Just about to hit the road from Raleigh, but wanted to post some quick notes from this morning’s Clinton Campaign conference call.
The most important takeaway item was communication director Howard Wolfson disclosing that Hillary Clinton has now contributed a total of nearly $11.5 million of her and Bill’s joint money, and that she “is willing to do so going forward” to “remain competitive” with Obama on the spending front. Could Clinton morph into a largely self-funding candidate? And will the media bring up the fact that Bill has earned a lot of his money from overseas speaking engagements, including China, a nation that Hillary has vowed to “get tough on”?
Among the other items that came up:
—Strategist Geoff Garin described Clinton’s win in Indiana a “come from behind victory” and “significant accomplishment” in a state that Obama had called a “tiebreaker.” Garin said they made progress in North Carolina. In Virginia, Obama won the white vote, he noted, but Clinton won whites by 24 points in North Carolina. He acknowledged that she didn’t do as well among blacks.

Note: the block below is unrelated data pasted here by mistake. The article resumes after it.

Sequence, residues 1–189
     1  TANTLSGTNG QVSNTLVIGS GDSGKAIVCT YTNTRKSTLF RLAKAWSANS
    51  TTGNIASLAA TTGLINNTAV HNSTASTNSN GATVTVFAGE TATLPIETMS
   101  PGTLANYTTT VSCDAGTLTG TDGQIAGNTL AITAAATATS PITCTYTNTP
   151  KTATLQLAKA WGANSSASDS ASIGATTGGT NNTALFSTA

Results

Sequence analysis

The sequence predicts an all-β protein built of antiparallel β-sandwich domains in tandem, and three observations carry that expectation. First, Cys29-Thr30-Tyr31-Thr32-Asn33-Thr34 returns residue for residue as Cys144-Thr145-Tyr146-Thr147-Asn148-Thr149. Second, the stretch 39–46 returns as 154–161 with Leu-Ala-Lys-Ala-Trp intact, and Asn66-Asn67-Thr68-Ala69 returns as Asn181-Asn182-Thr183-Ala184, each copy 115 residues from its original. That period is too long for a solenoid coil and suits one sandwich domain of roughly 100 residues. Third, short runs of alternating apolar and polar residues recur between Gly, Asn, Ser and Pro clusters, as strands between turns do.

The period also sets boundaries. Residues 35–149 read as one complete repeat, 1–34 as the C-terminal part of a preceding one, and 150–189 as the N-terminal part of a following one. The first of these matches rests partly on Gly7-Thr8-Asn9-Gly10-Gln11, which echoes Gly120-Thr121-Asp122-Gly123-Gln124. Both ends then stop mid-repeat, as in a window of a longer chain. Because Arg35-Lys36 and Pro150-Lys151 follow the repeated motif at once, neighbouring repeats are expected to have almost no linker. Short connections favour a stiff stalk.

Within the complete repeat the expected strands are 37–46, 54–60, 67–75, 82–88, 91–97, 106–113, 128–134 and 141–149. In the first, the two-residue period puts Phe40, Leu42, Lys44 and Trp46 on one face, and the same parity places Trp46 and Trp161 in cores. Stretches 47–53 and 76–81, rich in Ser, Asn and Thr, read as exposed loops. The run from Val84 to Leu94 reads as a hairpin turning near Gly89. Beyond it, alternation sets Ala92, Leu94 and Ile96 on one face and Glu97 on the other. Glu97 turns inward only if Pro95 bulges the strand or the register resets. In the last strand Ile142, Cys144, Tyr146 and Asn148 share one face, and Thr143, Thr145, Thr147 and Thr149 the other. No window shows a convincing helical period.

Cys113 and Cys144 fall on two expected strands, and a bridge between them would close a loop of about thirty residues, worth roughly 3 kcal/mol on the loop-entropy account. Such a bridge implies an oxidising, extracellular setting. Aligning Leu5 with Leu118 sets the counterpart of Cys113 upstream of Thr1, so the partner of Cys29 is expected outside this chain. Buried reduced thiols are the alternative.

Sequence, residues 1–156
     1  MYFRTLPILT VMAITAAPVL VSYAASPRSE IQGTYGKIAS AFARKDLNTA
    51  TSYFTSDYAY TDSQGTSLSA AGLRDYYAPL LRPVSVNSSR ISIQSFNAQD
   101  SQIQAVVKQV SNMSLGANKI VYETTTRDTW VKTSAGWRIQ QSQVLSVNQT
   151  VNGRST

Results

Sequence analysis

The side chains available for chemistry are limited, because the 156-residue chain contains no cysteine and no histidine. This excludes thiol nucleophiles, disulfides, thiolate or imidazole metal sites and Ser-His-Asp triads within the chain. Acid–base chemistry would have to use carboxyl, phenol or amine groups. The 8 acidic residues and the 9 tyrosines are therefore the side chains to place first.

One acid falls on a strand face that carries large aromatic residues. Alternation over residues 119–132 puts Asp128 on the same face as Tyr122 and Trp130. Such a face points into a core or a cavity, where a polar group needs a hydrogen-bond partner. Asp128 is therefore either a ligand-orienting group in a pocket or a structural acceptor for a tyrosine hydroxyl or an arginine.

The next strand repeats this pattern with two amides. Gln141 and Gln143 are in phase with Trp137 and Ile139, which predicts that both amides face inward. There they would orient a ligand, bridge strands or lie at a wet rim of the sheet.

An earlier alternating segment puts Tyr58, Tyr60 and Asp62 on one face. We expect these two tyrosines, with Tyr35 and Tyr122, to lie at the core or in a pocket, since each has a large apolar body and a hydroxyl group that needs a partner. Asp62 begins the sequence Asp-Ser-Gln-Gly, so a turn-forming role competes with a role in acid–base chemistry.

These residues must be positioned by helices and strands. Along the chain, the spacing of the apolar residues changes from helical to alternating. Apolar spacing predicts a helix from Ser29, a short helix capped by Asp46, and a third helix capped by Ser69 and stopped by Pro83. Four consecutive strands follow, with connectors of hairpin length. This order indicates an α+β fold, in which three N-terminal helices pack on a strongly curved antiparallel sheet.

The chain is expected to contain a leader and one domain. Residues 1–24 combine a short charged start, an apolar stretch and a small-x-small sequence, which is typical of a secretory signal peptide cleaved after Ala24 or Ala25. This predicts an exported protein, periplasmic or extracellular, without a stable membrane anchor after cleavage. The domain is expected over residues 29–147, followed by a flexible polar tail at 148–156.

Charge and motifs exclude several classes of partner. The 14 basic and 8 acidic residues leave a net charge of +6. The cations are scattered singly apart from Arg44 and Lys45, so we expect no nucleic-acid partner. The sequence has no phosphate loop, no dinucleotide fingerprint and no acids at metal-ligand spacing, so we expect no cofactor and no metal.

—Wolfson said that going forward, their strategy will be to do well in the remaining primaries, especially West Virginia, a swing state; seat Florida and Michigan; make the case that she is the stronger candidate against McCain, and does better among working class voters, in the “key swing votes” that any Democrat needs to win.
— Deputy communications director Phil Singer noted that if FL and MI counted, Clinton would gain a net of 58 delegates. (Based on RCP estimates, that would still give Obama a lead of nearly 100 overall delegates).
—Wolfson said emphatically that there have been “no discussions” about not going forward.
A man of faith in a godless age is hitting Americans where it hurts.
Mr. and Mrs. American Spectator Reader, let P.J. O’Rourke talk sense to your kids.
In Britain, defending your property can get you life.
It won’t take long for conservatives to scratch this presidential wannabe off their 2008 scorecard.
Was the President done in by the economy, or by the politics of the economy?